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StreamCorruptedException

A Java StreamCorruptedException can be thrown while deserialising data. It essentially occurs in one of two main cases:

  • you try to open an ObjectInputStream around some data that wasn't actually written using an ObjectOutputStream;
  • during a readObject() operation, the stream gets in the "wrong place".

Essentially, what happens is that, somehow or other, the writing and the reading get "out of kilter". Here are a couple of ways it can happen:

Forgetting to close the ObjectOutputStream that wrote the data (or closing the wrong stream)

If I had a dollar for every time I'd seen this mistake, I'd be typing this article on a more expensive laptop. The mistake usually looks something like this:

OutputStream out = new FileOutputStream(f);
BufferedOutputStream bout = new BufferedOutputStream(out);
ObjectOutputStream oout = new ObjectOutputStream(bout);
oout.write(object);
out.close();

The problem here is that we've closed the wrong stream. In between the actual FileOutputStream and the object writing, there is a layer of buffering. Thus, when we close the underlying output stream, there is a risk that some of the data is still "stuck" in the buffer.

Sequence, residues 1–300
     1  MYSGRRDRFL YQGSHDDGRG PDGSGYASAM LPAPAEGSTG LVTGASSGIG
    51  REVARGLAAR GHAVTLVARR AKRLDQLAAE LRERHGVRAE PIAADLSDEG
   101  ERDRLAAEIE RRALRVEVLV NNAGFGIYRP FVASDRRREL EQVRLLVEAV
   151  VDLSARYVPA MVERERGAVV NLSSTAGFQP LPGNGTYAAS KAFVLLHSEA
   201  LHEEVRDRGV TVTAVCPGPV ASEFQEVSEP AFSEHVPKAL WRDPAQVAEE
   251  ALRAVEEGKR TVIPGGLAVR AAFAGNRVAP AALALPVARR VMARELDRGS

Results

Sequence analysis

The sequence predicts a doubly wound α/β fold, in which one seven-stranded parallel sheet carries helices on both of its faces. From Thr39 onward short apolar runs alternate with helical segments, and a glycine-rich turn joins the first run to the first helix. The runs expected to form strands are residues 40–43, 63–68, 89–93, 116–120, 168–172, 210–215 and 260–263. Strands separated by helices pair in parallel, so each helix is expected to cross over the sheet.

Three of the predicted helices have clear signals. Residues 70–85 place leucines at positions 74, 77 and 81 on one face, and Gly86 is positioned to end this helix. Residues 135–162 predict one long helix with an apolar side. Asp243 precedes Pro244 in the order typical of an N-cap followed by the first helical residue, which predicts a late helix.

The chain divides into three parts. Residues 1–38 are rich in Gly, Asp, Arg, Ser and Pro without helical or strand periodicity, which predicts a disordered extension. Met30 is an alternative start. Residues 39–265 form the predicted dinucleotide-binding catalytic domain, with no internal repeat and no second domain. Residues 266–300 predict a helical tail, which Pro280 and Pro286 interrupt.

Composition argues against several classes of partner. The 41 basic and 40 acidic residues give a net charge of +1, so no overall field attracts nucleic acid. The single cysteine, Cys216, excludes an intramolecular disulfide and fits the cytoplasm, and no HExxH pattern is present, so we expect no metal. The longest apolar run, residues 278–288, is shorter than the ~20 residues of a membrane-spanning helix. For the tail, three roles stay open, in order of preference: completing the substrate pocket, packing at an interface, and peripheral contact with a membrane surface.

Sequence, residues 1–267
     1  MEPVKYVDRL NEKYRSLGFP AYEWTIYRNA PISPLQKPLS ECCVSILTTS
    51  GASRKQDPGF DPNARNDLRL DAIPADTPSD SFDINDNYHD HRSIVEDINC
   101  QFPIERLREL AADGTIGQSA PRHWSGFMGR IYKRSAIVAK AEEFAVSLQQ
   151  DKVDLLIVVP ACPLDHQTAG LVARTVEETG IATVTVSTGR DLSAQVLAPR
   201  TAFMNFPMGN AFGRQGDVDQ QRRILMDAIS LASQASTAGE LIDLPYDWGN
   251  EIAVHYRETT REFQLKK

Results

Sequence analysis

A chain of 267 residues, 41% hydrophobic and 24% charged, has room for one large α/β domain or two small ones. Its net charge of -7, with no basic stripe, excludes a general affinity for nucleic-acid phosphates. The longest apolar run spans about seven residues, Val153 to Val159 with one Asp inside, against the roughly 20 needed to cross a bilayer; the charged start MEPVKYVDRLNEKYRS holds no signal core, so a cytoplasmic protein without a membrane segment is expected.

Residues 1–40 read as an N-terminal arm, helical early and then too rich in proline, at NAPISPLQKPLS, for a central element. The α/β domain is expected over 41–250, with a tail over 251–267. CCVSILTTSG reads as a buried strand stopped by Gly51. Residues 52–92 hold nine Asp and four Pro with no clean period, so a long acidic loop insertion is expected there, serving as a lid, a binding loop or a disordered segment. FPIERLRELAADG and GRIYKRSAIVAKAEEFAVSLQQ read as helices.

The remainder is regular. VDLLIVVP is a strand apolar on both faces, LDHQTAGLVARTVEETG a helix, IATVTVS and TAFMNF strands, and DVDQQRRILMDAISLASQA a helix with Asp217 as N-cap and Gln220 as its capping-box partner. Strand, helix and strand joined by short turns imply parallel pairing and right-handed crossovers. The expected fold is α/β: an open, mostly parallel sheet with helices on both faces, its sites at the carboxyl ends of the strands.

The solution is simple, and is how you should always handle closing streams: ALWAYS close the stream that was created last, in this case, the ObjectOutputStream. This way, each layer of streaming has a chance to pass any buffered data down to the stream below it (and by definition, the close() method must do so). Note that you don't need to close every stream— just the outer one.

Forgetting to check the return value of InputStream.read().

This is also a mistake I've seen time and time again. It happens when you're manually chopping up an input stream into sections and then passing part of the stream to an ObjectInputStream. Each section might be preceded by a four-byte length marker, for example:

public Object readObject(InputStream in) throws IOException, ... {
  int objDataLen = readInt(in);
  byte[] objData = new byte[objDataLen];
  in.read(objData);
  ObjectInputStream oin = new ObjectInputStream(new ByteArrayInputStream(objData));
  return oin.readObject();
}

Here, our capital sin is that we assume that the read() method will fill the array. It won't necessarily, and we end up with a partial object stream. The problem can be especially difficult to track down when the bytes are coming in over a network, because the problem will be intermittent and essentially random.

If this problem occurs at some point in the stream, then it will have a knock-on effect on later parts of the stream. The solution is to be careful to always check the return value of InputStream.read() when reading into an array.

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Written by Neil Coffey. Copyright © Javamex UK 2012. All rights reserved.